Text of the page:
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Thermally induced magnetic relaxation in square artificial spin ice

View Article: PubMed Central - PubMed

ABSTRACT

The properties of natural and artificial assemblies of interacting elements, ranging from Quarks to Galaxies, are at the heart of Physics. The collective response and dynamics of such assemblies are dictated by the intrinsic dynamical properties of the building blocks, the nature of their interactions and topological constraints. Here we report on the relaxation dynamics of the magnetization of artificial assemblies of mesoscopic spins. In our model nano-magnetic system - square artificial spin ice – we are able to control the geometrical arrangement and interaction strength between the magnetically interacting building blocks by means of nano-lithography. Using time resolved magnetometry we show that the relaxation process can be described using the Kohlrausch law and that the extracted temperature dependent relaxation times of the assemblies follow the Vogel-Fulcher law. The results provide insight into the relaxation dynamics of mesoscopic nano-magnetic model systems, with adjustable energy and time scales, and demonstrates that these can serve as an ideal playground for the studies of collective dynamics and relaxations.

No MeSH data available.


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Array structure and magnetic characterization.(a) Atomic force microscopy image of the d = 380 nm array with an overlay showing the patterned geometry of the array. The elongated islands are stadium shaped with l = 330 nm and w = 150 nm. The islands are placed in a square lattice architecture with periodicities of 380 nm (shown) and 420nm (not shown). The different perodicities lead to difference in the magnetic interaction between the islands in the arrays, with the d = 380 nm array being stronger interacting. (b,c) show the magnetic response of the d = 380 nm array as a function of temperature. (b) MTRM(T) measured after cooling in fields of different strength. As can be seen there is hardly any difference between the different curves indicating that the array starts from a fully dressed state [see Fig. 1 (I)] already at the lowest field, 800 A/m. (c) The dependence of the MTRM(T) on the heating rate. The onset of decay of the collective array magnetization is shifted to higher temperatures when using a higher heating rate (i.e. a shorter observation time).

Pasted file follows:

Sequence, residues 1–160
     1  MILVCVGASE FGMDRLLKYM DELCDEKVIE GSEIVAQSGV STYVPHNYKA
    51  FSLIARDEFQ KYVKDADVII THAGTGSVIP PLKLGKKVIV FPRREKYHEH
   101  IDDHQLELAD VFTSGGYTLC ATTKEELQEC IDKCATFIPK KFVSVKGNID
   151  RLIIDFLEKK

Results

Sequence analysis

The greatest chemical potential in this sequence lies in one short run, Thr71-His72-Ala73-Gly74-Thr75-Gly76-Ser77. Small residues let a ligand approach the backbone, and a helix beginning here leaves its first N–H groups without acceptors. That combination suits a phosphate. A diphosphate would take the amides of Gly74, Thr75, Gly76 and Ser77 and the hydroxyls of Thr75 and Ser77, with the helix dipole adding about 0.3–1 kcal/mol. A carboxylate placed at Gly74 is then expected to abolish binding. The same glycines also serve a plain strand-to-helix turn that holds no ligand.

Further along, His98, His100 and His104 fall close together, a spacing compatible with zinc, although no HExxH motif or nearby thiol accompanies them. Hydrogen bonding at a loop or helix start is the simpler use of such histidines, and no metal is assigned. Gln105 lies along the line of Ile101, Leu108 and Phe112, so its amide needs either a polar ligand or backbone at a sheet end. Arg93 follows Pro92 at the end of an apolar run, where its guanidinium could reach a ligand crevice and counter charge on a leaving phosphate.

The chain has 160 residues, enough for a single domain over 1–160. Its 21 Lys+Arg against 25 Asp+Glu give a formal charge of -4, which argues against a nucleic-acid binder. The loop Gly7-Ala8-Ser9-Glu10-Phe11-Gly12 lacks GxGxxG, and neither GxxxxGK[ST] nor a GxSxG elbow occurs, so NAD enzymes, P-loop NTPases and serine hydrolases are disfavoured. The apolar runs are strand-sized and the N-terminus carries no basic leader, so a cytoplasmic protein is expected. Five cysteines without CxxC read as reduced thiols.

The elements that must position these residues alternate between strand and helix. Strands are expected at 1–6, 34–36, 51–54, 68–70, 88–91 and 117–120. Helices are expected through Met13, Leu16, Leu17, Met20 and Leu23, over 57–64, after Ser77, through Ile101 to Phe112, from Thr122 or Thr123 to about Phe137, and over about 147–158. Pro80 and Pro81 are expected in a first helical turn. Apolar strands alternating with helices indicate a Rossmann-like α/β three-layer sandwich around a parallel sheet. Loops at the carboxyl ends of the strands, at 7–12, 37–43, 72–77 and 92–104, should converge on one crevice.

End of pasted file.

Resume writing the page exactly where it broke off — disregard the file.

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f2: Array structure and magnetic characterization.(a) Atomic force microscopy image of the d = 380 nm array with an overlay showing the patterned geometry of the array. The elongated islands are stadium shaped with l = 330 nm and w = 150 nm. The islands are placed in a square lattice architecture with periodicities of 380 nm (shown) and 420nm (not shown). The different perodicities lead to difference in the magnetic interaction between the islands in the arrays, with the d = 380 nm array being stronger interacting. (b,c) show the magnetic response of the d = 380 nm array as a function of temperature. (b) MTRM(T) measured after cooling in fields of different strength. As can be seen there is hardly any difference between the different curves indicating that the array starts from a fully dressed state [see Fig. 1 (I)] already at the lowest field, 800 A/m. (c) The dependence of the MTRM(T) on the heating rate. The onset of decay of the collective array magnetization is shifted to higher temperatures when using a higher heating rate (i.e. a shorter observation time).

Mentions: In this study, two arrays with different periodicity, d, but with the same size and geometry of the elements, were used, see Fig. 2a. The periodicity of the arrays is 380 nm and 420 nm, respectively. This implies a difference in interaction strength, as the distance between the elements is different in these samples. The magnetic interaction of the elements is stronger in the d = 380 nm array, as compared to the d = 420 nm array. This difference influences the magnetization as a function of temperature, with the transition from a frozen to a dynamic state occurring at higher temperatures for the sample with shorter distance between the elements17 due to the stronger inter-island interactions. The frozen region is defined as the region in which the dynamics of the array is much slower than the experimental observation time.